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Zoysia – It’s Not Just For the Golf Course!

Zoysia (play /ˈzɔɪziə/)[2] is a genus of creeping grasses native to southeast and east Asia (north to China and Japan) and Australasia. These species, commonly called zoysia or zoysiagrass, are found in coastal areas or grasslands. The genus is named after the Austrian botanist Karl von Zois. (Thank you Wikipedia)

So what does this mean to the average homeowner?  Well, if you want a tough, dense low maintenance lawn and minimal environmental impact, Zoysia is the way to go.

Zoysia on a golf course

Zoysia - front lawn (not ours!)

Here in middle Tennessee the active growing period is from mid to late May all the way into November.  When I say active, this turf-grass is about the laziest grass you can get (which translates into low maintenance for you!).  It is a very slow grower and therefore has minimal water and fertilizer requirements.  This saves a homeowner 3 fold:

  • Reduced frequency of mowing (once every 2 weeks)
  • Reduced fertilizer (Aproximately 1lb per 1000sq ft.)
  • Much lower water requirements (1-2″ month during the summer for sustainability)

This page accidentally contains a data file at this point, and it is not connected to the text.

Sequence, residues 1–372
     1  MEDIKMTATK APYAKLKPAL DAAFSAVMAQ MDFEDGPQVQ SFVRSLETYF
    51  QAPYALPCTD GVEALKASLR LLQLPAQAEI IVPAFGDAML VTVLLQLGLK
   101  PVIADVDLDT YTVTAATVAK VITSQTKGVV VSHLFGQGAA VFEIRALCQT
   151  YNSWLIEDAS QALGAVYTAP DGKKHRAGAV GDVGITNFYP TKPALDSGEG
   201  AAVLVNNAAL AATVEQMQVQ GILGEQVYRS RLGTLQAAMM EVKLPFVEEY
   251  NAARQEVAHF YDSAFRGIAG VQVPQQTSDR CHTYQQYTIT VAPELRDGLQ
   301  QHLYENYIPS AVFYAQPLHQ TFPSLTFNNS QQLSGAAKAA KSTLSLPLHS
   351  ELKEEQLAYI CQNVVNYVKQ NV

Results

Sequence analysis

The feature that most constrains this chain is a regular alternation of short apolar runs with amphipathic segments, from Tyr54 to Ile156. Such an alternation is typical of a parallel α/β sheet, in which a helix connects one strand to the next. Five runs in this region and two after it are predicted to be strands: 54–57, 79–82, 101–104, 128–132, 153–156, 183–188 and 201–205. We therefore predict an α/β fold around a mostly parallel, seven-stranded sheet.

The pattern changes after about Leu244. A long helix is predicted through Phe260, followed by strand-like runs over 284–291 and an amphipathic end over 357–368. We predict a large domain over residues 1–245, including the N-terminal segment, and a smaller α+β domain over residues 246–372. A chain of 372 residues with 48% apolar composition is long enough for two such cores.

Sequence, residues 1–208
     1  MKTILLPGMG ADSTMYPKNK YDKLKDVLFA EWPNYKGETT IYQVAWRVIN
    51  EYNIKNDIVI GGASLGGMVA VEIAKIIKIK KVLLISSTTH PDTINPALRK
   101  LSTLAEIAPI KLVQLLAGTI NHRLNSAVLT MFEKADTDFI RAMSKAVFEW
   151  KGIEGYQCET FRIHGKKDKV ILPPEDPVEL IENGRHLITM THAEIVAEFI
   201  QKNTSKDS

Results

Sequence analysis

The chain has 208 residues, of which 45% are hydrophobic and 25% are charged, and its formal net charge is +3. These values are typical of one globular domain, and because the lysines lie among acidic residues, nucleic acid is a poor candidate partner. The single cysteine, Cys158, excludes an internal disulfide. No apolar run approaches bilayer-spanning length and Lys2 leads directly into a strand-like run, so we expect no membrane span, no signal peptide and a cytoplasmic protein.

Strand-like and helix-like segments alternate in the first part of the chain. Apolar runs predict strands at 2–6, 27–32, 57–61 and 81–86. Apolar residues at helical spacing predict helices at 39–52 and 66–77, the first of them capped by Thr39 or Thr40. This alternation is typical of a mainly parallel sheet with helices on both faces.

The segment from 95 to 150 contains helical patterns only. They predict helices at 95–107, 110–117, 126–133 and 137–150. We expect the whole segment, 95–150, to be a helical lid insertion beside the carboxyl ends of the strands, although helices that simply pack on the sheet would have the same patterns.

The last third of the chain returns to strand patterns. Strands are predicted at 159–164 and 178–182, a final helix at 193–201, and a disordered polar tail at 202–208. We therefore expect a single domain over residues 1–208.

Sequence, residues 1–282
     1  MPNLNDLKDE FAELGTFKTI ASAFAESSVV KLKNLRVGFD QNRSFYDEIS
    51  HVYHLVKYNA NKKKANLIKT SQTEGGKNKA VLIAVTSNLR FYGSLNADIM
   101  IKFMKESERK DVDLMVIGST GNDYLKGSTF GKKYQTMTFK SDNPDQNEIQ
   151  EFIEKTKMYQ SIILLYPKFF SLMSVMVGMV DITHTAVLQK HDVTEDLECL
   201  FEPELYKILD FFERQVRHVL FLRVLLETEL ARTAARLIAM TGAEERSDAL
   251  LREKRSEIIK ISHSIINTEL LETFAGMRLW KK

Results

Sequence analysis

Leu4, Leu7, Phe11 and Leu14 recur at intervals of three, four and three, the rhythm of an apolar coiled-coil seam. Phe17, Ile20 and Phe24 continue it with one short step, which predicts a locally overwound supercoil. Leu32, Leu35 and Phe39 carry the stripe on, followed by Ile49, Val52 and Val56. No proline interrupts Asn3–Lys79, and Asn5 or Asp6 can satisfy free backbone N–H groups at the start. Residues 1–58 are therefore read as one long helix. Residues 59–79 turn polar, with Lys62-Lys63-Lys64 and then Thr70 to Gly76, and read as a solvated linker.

Zoysia Zones of Adaptation

Heres a few other bonuses:

  • Because it is highly resilient, Zoysia is often used on ball fields, fairways and border greens on golf courses. This grass grows extremely dense which helps to suppress weeds.
  • There is no need for annual coring and reseeding, which is a continuous battle with cool season grasses such as Fescue and Kentucky Bluegrass.

The only drawback to Zoysia is the fact that it is a warm season grass, so it does go dormant in the winter and turns a golden beige color.  You can always over seed the Zoysia with Annual Winter Rye grass to maintain a green lawn year round.

Dormant Zoysia (again, not our house)

It also is a little bit more expensive on the front end as it needs to be installed as sod rather than seed.  Think of it as a turf carpet!  I managed to talk Meredith into letting me tear out (well, really just mow down to the soil surface and then lay the sod directly on top) the hodgepodge of Bermuda and Fescue grass this past fall (which grows like a weed in the summer – I was having to mow twice a week when we’d get a lot of rain!) and have the Zoysia sod put in.

Without question, all the pros outweigh the cons.  The very low water requirement that this turf has could just about pay for the cost of installing Zoysia in a year or two, depending on where you live.  Or by having your maintenance costs cut in half by not having to mow weekly!

Either way you will save and help to end the waste surrounding Fescue and other cool season grasses that are used in hot, dry locations.

We are looking forward to May when our Zoysia wakes up and turns a lush green!  Expect photos soon!

 

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